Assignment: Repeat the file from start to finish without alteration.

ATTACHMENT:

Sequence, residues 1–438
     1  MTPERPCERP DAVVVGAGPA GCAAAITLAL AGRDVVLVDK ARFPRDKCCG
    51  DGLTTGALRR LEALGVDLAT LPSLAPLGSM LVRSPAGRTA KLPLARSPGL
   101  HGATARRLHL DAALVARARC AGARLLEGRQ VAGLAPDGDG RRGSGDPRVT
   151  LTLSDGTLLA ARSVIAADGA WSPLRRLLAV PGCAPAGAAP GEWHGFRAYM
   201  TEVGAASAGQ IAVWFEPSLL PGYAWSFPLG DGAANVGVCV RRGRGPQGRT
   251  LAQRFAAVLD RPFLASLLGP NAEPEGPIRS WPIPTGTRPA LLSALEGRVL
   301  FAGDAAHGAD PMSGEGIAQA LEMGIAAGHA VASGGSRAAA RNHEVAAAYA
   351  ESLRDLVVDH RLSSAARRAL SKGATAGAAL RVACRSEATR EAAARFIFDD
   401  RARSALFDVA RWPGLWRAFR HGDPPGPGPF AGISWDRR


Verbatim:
Sequence, residues 1–438
     1  MTPERPCERP DAVVVGAGPA GCAAAITLAL AGRDVVLVDK ARFPRDKCCG
    51  DGLTTGALRR LEALGVDLAT LPSLAPLGSM LVRSPAGRTA KLPLARSPGL
   101  HGATARRLHL DAALVARARC AGARLLEGRQ VAGLAPDGDG RRGSGDPRVT
   151  LTLSDGTLLA ARSVIAADGA WSPLRRLLAV PGCAPAGAAP GEWHGFRAYM
   201  TEVGAASAGQ IAVWFEPSLL PGYAWSFPLG DGAANVGVCV RRGRGPQGRT
   251  LAQRFAAVLD RPFLASLLGP NAEPEGPIRS WPIPTGTRPA LLSALEGRVL
   301  FAGDAAHGAD PMSGEGIAQA LEMGIAAGHA VASGGSRAAA RNHEVAAAYA
   351  ESLRDLVVDH RLSSAARRAL SKGATAGAAL RVACRSEATR EAAARFIFDD
   401  RARSALFDVA RWPGLWRAFR HGDPPGPGPF AGISWDRR